The Iowa Attorney General’s Office filed a “Petition for Removal from Office” today in Dallas County District Court against Sheriff Brian Gilbert. Bob Brammer is a spokesman for the A-G’s office. Brammer says they’ve asked the Dallas County Court to remove Gilbert from office based on the Iowa code which provides several reasons a public official can be removed.
Brammer says there is ample reason to request that Gilbert be removed from office. He says the petition for removal is pretty closely tied to the State Auditor’s report issued today that cites concerns about how large sums of money and other evidence were handled in the Sheriff’s office — including a sum of money seized by Dallas County authorities during a traffic stop in March of this year. Brammer says the removal from office is a civil action that is separate from the criminal charges Gilbert faces in connection with the missing money from the March seizure.
Brammer says the A-G’s office alleges, “Willful or habitual neglect or refusal to perform the duties of the office of Sheriff, willful misconduct or maladministration in the office of Sheriff, and corruption in the office of Sheriff. ” Brammer says a hearing on the removal of Gilbert has been set for 9 A.M. Monday, October 16th.
State Auditor David Vaudt says he report came out of a special investigation of the Dallas County Sheriff’s Office covering the period from January 1, 2002 through July 5, 2006. Vaudt says they found 20 cases where the amount of cash in the seized records was not in agreement with the amount in the evidence room when they did an inventory. He says there was a total of about 60-thousand dollars in cash missing.
Vaudt says there were other discrepancies in the seized items listed in reports and the items that were on hand in the evidence room. Vaudt say there were five cases where weapons were seized, but no weapons or records of where the weapons went. Vaudt says there were similar cases of missing drugs and jewelry and clothing that had been seized, but the items weren’t in the evidence room and there were not records of where the items went. Vaudt says the discrepancies were too great to be simple accounting errors.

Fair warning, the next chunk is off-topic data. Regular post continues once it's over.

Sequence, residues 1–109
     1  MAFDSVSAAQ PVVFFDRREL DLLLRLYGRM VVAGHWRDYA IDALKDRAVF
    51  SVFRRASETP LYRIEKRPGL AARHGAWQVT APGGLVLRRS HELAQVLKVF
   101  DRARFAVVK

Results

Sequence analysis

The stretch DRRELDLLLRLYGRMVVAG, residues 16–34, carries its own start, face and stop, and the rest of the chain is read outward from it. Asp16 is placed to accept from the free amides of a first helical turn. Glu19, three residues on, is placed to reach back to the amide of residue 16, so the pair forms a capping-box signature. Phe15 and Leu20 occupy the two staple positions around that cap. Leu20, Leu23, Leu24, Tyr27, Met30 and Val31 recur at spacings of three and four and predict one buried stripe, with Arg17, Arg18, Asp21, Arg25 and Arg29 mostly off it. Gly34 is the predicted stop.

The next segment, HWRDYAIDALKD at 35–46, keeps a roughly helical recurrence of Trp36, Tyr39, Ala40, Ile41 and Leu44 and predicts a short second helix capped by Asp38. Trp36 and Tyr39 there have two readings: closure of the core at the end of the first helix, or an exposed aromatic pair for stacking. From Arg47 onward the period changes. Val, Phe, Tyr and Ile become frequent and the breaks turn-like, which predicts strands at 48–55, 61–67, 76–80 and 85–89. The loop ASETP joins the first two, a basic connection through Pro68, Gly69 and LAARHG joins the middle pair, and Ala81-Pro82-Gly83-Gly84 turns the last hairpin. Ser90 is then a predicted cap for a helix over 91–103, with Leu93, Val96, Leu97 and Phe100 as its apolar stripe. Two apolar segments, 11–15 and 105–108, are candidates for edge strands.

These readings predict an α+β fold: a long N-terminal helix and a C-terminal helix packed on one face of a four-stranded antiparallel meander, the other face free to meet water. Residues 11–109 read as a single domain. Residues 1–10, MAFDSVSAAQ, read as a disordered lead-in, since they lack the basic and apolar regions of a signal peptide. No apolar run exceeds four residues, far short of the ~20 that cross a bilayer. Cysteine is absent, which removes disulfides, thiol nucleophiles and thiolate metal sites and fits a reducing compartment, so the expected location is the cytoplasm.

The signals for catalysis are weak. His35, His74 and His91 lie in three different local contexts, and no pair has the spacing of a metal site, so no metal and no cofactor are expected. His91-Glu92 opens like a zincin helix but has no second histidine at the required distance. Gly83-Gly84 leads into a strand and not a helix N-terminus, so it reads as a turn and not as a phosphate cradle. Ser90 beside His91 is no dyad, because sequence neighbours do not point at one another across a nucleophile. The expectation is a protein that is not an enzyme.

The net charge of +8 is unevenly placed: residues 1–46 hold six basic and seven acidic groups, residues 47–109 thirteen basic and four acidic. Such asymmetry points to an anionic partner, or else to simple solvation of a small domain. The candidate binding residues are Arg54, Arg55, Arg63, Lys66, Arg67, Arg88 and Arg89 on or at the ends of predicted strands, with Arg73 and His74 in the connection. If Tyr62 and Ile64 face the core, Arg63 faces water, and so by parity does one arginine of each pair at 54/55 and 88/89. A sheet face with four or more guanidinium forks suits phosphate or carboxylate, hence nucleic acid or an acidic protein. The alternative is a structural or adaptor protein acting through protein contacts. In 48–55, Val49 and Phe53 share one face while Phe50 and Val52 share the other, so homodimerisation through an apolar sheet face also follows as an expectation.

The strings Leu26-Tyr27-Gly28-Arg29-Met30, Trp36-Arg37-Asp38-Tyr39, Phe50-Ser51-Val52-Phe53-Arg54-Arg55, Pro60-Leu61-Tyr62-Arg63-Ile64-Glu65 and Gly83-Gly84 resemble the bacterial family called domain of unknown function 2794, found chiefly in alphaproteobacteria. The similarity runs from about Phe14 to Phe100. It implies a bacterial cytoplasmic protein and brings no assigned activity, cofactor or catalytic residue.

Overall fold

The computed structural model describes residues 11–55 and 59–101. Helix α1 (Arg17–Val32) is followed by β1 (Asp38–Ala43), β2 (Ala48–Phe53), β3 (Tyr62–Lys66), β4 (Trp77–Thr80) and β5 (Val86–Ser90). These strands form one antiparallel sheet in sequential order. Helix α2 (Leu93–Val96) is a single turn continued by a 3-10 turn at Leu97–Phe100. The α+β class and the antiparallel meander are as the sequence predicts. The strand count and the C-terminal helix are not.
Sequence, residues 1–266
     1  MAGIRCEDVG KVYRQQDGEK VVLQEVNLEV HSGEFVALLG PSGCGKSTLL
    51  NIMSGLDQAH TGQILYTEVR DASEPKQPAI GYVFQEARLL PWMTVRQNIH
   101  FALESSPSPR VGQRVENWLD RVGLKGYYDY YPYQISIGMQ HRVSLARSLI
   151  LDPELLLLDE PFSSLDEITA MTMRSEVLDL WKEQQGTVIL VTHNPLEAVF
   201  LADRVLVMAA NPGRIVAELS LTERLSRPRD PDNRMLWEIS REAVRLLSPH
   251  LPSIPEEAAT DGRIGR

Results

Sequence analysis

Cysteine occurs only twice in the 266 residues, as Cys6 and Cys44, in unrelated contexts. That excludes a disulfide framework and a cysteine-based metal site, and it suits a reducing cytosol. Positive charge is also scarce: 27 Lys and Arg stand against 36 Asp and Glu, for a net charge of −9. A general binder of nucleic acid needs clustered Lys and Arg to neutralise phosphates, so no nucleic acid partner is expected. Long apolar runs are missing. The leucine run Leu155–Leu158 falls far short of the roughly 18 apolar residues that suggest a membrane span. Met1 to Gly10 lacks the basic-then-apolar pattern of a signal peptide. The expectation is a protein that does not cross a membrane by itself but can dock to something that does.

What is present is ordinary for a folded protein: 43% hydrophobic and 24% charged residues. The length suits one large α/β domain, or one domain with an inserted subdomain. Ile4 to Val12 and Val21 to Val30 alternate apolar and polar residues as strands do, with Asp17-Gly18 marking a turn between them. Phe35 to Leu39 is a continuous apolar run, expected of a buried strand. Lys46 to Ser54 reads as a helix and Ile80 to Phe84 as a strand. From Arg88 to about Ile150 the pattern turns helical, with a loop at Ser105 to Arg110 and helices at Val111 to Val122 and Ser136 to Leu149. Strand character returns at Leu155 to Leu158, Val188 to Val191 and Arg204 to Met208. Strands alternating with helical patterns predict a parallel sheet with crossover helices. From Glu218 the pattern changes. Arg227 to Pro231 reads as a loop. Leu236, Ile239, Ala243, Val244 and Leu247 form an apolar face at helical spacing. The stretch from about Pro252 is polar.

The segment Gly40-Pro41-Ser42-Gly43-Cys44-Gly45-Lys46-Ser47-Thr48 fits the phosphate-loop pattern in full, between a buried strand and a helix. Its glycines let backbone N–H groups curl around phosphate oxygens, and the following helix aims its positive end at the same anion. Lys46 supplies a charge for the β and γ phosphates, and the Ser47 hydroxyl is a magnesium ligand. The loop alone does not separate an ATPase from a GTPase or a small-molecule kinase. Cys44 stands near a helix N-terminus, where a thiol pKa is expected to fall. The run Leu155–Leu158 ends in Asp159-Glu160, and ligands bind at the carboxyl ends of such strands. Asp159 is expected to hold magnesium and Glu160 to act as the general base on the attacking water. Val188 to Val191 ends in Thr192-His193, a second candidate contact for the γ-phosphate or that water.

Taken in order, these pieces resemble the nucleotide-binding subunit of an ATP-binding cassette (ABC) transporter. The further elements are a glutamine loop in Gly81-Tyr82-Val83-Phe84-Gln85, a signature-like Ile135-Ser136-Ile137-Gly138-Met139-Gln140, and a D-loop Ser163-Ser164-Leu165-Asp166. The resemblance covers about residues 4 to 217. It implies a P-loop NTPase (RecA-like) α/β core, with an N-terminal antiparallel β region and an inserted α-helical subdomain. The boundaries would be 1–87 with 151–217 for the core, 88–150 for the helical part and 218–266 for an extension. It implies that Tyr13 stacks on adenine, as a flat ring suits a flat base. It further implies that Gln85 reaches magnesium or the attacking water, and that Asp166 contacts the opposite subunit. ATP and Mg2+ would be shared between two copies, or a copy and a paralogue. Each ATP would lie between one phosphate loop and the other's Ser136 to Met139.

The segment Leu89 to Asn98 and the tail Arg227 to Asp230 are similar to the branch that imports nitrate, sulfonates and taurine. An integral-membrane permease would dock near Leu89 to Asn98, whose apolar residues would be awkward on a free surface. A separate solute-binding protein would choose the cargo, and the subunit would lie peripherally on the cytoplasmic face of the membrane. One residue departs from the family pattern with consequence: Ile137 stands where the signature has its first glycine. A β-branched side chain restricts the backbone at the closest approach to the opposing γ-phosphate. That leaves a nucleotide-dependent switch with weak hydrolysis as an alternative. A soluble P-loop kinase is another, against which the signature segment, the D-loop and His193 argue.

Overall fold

Vaudt says there are always errors made in anything involving humans, but he says in this instance, six percent of the cases they reviewed had problems. They looked at 825 cases and there were 48 that had discrepancies that could not be explained. Vaudt says there were another 62 cases were the case files had just disappeared.
Vaudt says his office also subpoenaed the bank records of the Sheriff, his wife, and all deputies who had access to the seized cash. Vaudt says they found that the sheriff and his wife had made a little over 16-thousand dollars in cash deposits over a four-year period, and had also made cash purchases of some 13-thousand dollars. Vaudt says the cash purchases made by the sheriff and his wife were large and not common. Vaudt says in one example, a five-thousand dollar cash deposit was put down for a car purchase, and some other things that he describes as “pretty untypical cash transactions.”
Brammer says the removal of a public official from the job is rare in Iowa, although this is the second such action in the last two months. The Attorney General had begun the process to seek the removal of Des Moines City Councilman Archie Brooks from his council seat based on “maladministration of office” for Brooks’ involvement in a central Iowa job training agency scandal. Brooks resigned from the city council August 7th, before the removal could move forward.